Tue | Dec 1, 2020

Medical doctor, special-needs student highlight governor general's summer scholarships

Published:Friday | September 1, 2017 | 12:00 AM
Governor General Sir Patrick Allen (left) interacts with Dr Angelica Baker, a scholarship recipient of the inaugural I Believe Initiative Summer Of Service Competition in 2013.
Governor General Sir Patrick Allen (right) shares a light moment with Celine Lobban (centre), a scholarship winner in the 2017 I Believe Initiative Summer Of Service Competition, and her sign language interpreter, Stephanie Spencer, during the recent awards ceremony.

A member of the deaf community and a medical doctor were the stars of the Governor General's I Believe Initiative Summer of Service (SOS) awards presentation held at King's House recently.

Celine Lobban, a graduate of the Lister Mair Gilby High School for the Deaf, was awarded a full scholarship to cover her four-year Bachelor of Science degree in Computer Science at the University of Technology.

In the meantime, Angelica Baker, who was among the first cohort of SOS recipients in 2013, was presented as Dr Angelica Baker, having successfully completed her Bachelor of Medicine degree at the University of the West Indies (UW), Mona.

There are eight beneficiaries of this year's SOS Competition who obtained scholarships valued at $7 millions to start or proceed to second year at various colleges and universities.

One recipient will attend the University of the West Indies, two the University of Technology, one the College of Agriculture, Science and Education, one the Caribbean Maritime Institute, and two, the opportunity to advance to the second year of their degree programme at UWI, Mona.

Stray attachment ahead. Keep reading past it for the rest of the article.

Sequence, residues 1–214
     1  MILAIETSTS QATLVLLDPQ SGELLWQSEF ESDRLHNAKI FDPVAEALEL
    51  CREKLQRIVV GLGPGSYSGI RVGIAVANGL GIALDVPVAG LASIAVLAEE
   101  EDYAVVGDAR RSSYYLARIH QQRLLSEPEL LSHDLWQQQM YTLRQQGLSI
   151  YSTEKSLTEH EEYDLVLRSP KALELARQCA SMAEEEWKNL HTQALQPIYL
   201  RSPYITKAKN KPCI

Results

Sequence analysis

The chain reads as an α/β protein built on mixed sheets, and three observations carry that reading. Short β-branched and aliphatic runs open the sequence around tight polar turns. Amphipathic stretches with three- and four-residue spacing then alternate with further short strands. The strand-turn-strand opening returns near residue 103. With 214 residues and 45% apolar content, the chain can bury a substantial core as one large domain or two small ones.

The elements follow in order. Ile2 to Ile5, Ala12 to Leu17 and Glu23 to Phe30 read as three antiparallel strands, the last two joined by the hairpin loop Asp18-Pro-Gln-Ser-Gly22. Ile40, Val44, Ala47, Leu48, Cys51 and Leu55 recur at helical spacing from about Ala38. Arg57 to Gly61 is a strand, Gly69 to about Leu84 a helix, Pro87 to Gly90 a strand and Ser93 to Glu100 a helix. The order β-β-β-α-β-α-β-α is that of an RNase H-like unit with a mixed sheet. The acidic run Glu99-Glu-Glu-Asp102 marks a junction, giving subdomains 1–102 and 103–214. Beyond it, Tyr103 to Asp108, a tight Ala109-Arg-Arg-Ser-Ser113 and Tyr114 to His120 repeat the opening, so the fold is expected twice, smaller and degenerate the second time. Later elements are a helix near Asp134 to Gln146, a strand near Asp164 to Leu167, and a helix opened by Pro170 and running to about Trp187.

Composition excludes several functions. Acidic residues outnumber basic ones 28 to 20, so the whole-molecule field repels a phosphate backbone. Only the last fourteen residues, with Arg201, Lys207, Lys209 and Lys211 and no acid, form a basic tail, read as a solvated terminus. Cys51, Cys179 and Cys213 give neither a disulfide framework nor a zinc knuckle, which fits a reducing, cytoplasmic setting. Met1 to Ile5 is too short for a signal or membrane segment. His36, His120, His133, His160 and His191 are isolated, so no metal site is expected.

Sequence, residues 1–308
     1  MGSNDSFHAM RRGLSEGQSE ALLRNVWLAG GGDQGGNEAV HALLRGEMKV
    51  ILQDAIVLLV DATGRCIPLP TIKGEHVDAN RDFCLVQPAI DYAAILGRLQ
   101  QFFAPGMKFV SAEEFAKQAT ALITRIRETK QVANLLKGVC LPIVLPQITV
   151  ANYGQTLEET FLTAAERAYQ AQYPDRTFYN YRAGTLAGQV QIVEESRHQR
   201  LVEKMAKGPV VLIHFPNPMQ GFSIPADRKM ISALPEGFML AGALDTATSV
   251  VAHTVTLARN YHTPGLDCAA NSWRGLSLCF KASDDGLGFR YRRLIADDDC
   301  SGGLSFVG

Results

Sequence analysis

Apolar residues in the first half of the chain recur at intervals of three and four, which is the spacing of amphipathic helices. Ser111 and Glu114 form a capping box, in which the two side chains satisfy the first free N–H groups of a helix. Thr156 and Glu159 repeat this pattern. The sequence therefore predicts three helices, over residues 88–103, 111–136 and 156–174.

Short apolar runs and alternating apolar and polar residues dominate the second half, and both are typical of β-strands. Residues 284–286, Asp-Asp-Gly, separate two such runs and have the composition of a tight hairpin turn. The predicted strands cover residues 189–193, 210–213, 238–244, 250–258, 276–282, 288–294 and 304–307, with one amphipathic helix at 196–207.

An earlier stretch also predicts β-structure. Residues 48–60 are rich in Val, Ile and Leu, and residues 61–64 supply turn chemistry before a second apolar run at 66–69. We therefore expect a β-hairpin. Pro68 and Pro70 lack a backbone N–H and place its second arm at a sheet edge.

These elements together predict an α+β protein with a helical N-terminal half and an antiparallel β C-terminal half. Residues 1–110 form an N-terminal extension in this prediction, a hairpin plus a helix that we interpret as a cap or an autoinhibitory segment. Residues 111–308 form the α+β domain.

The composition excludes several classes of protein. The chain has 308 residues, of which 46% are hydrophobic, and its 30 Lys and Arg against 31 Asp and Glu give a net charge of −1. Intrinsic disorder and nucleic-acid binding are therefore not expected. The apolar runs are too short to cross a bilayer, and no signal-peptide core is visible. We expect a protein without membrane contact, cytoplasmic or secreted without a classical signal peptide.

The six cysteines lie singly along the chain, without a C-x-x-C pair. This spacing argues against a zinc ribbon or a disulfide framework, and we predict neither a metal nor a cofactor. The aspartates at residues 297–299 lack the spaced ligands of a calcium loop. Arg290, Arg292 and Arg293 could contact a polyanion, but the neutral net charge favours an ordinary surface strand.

But there were no applicants for three of the available SOS scholarships this year. Two are tenable at Moneague College and one at The Mico University College. They will be held over until next year.

In addressing the awards presentation, Governor General Sir Patrick Allen commended the recipients and charged them to be critical thinkers who are transformed by their education to continue in the nation-building process.

"Recipients ... keep in mind that the principal demands being made of 21st-century workers include creativity, critical and divergent thinking, self-awareness and integration of knowledge. It is not just a matter of cramming and reproducing what was taught," stated Sir Patrick.

"You will have to play your part to ensure that your quest for higher education prepares you to cope with the rapid social changes at the national and global levels. Your going to college or university must be a transformation. You cannot go like 'johnny cake' and come back like 'dumpling'," added Sir Patrick.




In highlighting the sacrifice of giving up their summer holidays to volunteer with various organisations, the governor general commented that the students' attitude is "that of future leaders of our country".

The SOS Competition is a project of the Governor General's I Believe Initiative, where students volunteer with various organisations in exchange for valuable life skills, plus tuition support for their tertiary education.

The project seeks to influence social responsibility and nation building through voluntary experience.

It is part of the governor general's broad vision to partner with various stakeholders to build hope, confidence, and a heightened sense of purpose and sound values through family, youth and educational activities.

Now in its fifth year, the SOS Competition has provided tuition support to a total of 53 students. The annual application process opens in May and the service component is executed during the months of June to August.

The University of the West Indies, College of Agriculture, Science and Education, Sandals Foundation, NCB Foundation, Kingston Bookshop, J. Wray & Nephew Foundation, Kingston Wharves Limited and the Joan Duncan Foundation/JMMB were this year's partners.